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In response to:

The War on Pot: Not a Safe Bet

jmonaco Wrote: Jan 20, 2013 1:12 PM
I just wish people would learn to spell, and use proper grammar and diction so I can understand the thoughts they are trying to state. :-o
In response to:

The War on Pot: Not a Safe Bet

jmonaco Wrote: Jan 20, 2013 1:05 PM
Pat Kennedy (like his famous relatives) is a pretend defender of civil liberties. Like his father and grandfather he is an authoritarian. Those who continue to return these kinds of people to office surely do not wish to be free men and women. In Plato's Republic, a "just" society is divided into three classes: Guardians (rule makers), Auxiliaries (soldiers and enforcers of the rules), and Workers (those who are forced to follow the arbitrary rules of the guardians). Kennedy (and those like him) secretly resent civil liberties and covet (and apparently achieve) Guardian status in our society. The American Revolution was fought to prevent the creation of a class of would be "kings" yet voters seem determined to simply hand it over.
In response to:

Lance Confesses on Oprah's Couch

jmonaco Wrote: Jan 19, 2013 10:36 AM
Fooling -- I ask myself how a minor sport in America, like cycling, could rise to celebrity status. It must have something to do with ourselves and how we individuals possess an inherent herd mentality. A little superficial media exposure and voila, we act nonsensically. I'll never understand why people fawn over "celebrities".
In response to:

Lance Confesses on Oprah's Couch

jmonaco Wrote: Jan 19, 2013 10:16 AM
hotdog -- You're right, Lance Armstrong needs to return all settlement monies he fraudulently obtained - and hope he's not counter sued. It's "Lyle Alzado" (nose tackle - Browns, Raiders) who died from steroid use. That's why I don't care about athletes who violate performance enhancement rules - natural selection ultimately can't be cheated. Lance Armstrong actually does "have" a bike shop.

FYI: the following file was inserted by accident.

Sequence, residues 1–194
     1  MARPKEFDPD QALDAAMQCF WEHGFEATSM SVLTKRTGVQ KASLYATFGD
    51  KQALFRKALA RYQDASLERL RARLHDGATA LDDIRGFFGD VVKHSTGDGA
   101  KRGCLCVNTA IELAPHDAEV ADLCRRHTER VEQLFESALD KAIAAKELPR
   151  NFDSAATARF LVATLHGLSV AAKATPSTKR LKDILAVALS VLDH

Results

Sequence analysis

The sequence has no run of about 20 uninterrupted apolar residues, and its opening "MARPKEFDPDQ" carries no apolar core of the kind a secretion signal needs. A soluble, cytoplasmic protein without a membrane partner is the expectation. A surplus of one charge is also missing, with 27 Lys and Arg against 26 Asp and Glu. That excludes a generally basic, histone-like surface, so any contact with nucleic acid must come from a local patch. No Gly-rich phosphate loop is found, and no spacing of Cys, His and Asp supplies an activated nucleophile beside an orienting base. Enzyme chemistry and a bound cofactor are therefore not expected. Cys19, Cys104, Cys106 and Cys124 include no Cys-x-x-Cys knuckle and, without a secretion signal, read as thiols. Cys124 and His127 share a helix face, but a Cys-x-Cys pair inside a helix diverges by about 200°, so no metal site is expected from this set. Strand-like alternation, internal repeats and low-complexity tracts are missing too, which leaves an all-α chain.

In response to:

Lance Confesses on Oprah's Couch

jmonaco Wrote: Jan 19, 2013 10:06 AM
In some states they stae benefits will be cut off if drug or alcohol abuse is detected and in some cases they actually do conduct drug testing. I don't think tht is true for all states.
I had hoped for a more profound article. Summed up, "Bob" is not fiscally conservative and probably has no sense of himself. And I think Bob's thoughts and behaviors accurately (and sadly) reflect the plurality (if not the majority) of Americans today - a walking contraction (maybe even schizophrenic).
In response to:

Bursting the University Bubble

jmonaco Wrote: Jan 18, 2013 11:41 AM
The two worst ideas the American Progressives borrowed from Prussia were Social Security and their model of Public School Education. Of the two, education has led to the worst results and a decline in true literacy. I wonder when people will get it through their heads that the American Dream is the belief in the possibility of self-government. That belief has been undermined by Madison Avenue ad agencies and unbridled avaricious materialism. Self-government has been exchanged for a frozen dinner in the microwave, a luxurious vacation, 2 cars in every garage, a plasma TV in every room, and a smartphone for all. I tell young people to not worry about a degree and design their own education curriculum from multiple sources.
I agree BiggDonn ... Americans should be free to choose how they live their lives and accept the consequences thereof. It is not the role of American government to regulate how we eat or recreate. Anyone who thinks otherwise subordinates their best interest to the arbitrary will of the state.
Second hand smoke arguments are another lame excuse for democracy - aka "tyranny by the majority".
I don't use doobie, but that's the conclusion I have reached.
I don't want to live in a world of complete conformity and group-think. The author promotes bigger government through this "thoughtful look". Authoritarianism is anti-American. It strikes me the case is subtlely being made to restore the 18th Amendment - only on a broader scale. I have no idea why it would work today when it failed so miserably in the 1920's. The simple fact is the "War on Drugs" is, and will always be, a failing endeavor. How about prohibiting substances like Zoloft, Xanax, Paxil, Clonazepam , etc.? Mental health practitioners seem to pass out these "legal" medications like they're candy, yet there are significant individual abuses and additional societal problems as a consequence.
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